For thousands of people, technology represents the power behind modern toys. Our cars tell us where to go from outer space; laptops remember our favourite actions and mobile phones tell you when you need to visit the bank – but what about a smart phone for monitoring election fraud, or discussing better foreign aid across different continents with Skype?
The fact is that technology is advancing faster than we are - and innovations in computing and online communication have almost infinite possibilities for the fight against extreme poverty.
“The moment we are living through, the moment our historical generation is living through, is the largest increase in expressive capability in Human history” – Clay Shirky. Interactive Telecommunications expert Clay Shirky explains that the promise of this new technology is bottom up. As technology online and in portable media like phones evolves, so the world's poor and some innovative charities are adapting these tools to fight poverty.
The use of modern technology has become decentralised, delineated and easily translatable – key factors in mass participation of an entire generation in the collaborative development of ideas and popular movements, states Shirky. These ‘movements’ can exist entirely outside the physical limitations of governments, institutions or other traditional forms of top-down communication.
The all-access model of online communication allows anyone to search for and distribute data that has often been internally focussed, such as government debates or reports. Increased transparency is one benefit of this trend, as companies and institutions are forced to ‘keep up’ with an assertion that communication in today’s world is global, and can be shared or ‘tweeted’ instantly.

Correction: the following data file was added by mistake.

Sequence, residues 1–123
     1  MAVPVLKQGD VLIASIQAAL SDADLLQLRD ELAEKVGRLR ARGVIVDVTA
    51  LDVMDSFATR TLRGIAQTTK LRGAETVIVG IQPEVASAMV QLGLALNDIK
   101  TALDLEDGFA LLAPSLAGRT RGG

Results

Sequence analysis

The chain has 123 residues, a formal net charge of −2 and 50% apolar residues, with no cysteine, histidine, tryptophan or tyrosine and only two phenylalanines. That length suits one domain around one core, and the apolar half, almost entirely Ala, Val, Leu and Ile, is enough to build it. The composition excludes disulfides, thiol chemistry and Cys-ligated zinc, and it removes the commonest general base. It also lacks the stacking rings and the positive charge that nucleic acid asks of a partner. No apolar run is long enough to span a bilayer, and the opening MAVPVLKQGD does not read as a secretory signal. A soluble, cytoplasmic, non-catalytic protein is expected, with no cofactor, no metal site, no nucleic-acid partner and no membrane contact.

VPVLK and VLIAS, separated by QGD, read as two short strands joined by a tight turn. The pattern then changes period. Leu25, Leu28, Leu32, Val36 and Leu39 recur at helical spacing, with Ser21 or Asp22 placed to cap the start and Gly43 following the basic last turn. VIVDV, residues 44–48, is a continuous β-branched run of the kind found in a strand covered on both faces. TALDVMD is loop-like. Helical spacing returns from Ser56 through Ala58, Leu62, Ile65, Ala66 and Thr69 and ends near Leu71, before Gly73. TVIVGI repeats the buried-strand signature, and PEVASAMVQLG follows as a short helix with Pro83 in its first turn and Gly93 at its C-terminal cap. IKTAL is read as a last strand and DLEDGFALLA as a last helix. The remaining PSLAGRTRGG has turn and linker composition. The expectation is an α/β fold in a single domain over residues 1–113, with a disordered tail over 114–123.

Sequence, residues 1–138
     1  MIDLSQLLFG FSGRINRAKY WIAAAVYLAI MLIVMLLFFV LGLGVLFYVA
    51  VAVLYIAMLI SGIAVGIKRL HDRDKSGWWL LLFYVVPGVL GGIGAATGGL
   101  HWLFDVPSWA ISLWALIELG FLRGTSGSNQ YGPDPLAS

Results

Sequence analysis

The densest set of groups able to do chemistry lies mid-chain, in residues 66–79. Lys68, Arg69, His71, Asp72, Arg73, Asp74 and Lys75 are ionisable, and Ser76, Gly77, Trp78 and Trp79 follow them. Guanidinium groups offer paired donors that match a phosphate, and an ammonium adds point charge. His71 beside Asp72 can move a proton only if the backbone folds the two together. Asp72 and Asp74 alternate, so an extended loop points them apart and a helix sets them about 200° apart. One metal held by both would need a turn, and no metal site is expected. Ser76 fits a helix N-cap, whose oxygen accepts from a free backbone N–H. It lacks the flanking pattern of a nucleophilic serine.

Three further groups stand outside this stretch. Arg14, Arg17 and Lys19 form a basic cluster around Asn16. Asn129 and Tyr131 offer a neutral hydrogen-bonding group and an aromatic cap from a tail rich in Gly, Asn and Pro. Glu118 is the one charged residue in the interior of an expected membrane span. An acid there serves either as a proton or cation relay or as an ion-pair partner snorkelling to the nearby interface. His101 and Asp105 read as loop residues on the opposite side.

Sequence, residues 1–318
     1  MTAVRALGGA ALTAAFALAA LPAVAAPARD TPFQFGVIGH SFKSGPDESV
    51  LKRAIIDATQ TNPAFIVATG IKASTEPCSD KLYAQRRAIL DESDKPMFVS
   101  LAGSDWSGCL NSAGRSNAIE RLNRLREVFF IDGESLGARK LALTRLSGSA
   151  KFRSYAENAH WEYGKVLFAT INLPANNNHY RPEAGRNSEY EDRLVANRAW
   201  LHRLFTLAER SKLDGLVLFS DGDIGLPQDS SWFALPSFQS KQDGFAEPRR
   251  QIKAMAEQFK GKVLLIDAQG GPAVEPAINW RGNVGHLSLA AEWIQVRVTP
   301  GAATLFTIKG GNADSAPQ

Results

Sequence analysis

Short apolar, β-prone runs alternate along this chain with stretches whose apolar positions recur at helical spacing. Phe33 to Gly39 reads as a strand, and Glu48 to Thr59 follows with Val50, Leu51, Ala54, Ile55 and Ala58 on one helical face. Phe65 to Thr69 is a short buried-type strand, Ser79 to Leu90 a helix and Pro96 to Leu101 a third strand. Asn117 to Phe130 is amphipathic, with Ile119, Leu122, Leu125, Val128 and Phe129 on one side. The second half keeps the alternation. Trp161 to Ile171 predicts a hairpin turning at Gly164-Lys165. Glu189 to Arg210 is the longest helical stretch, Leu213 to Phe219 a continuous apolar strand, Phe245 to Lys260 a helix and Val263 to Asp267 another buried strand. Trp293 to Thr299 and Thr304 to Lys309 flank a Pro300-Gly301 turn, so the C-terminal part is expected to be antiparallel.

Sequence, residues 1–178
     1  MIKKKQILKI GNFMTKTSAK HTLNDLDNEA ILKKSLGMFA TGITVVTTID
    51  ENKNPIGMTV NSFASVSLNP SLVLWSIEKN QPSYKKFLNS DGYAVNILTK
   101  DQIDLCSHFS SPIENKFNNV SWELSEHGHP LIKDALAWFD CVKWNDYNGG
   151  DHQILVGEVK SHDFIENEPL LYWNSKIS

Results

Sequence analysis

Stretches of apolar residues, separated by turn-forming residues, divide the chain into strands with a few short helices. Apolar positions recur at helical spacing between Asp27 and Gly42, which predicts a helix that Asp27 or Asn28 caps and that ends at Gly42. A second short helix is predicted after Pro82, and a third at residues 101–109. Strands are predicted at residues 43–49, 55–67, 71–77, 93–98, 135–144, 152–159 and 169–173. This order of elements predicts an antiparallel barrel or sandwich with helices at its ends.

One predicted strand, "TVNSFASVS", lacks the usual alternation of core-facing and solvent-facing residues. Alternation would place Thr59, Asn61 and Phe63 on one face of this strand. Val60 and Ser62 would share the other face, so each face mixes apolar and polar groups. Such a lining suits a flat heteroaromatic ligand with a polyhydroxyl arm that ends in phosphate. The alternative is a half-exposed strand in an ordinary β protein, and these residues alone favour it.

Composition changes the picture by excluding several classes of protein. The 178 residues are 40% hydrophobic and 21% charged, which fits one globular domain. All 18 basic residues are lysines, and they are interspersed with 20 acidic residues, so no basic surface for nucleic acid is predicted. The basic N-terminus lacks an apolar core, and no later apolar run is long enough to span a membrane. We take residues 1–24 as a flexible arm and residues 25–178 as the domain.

But what about more practical applications? In Hubli, India, NextDrop provides a text message service alerting residents of the city when pipes in their neighbourhood are being turned on by the local authority – avoiding the significant effect of poor water reliability on livelihoods in areas where coverage is unpredictable. The process combines the sms service with google maps to track when each part of the city receives water and is currently in trial.
Mobile phones are being used where development organisations, educational establishments and government clinics are under-funded or over burdened. Bridging this gap, AppLab provides rural communities in Uganda with an online information service that includes tips for farming, health and critical market data to maximise the potential farmers and families can get from their livelihoods - by increasing awareness, being able to track the market and using shared knowledge to increase efficiency.
In Senegal, fishermen and farmers are using a similar scheme - telecommunications group Manobi collate the latest prices for goods at markets around Dakar, providing sellers with the information they need to get the best rates for their products, helping them know when to fish and where to go with the goods.
We have previously posted about M-Pesa - a mobile technology service that allows micro finance borrowers to make and receive payments without the need for visiting a bank. Users can use the service to manage and receive remittances, a vital part of the framework for combating poverty, and M-Pesa now operate in Kenya, Tanzania, Afghanistan and South Africa. The service is key to fighting poverty as it allows rural families and Microfinance institutions to easily manage finances in a way that minimises cost and promotes efficiency.
In India, health workers can even use a portable digital pad to test for HIV, thanks to pioneering medical technology group Nanobiosym. The possibilities are endless – and endlessly exciting. What is needed is funding to allow these technologies to become reproducible in a more practical sense, before we can realise their full potential and make fighting poverty truly fit the technologically engaged generation.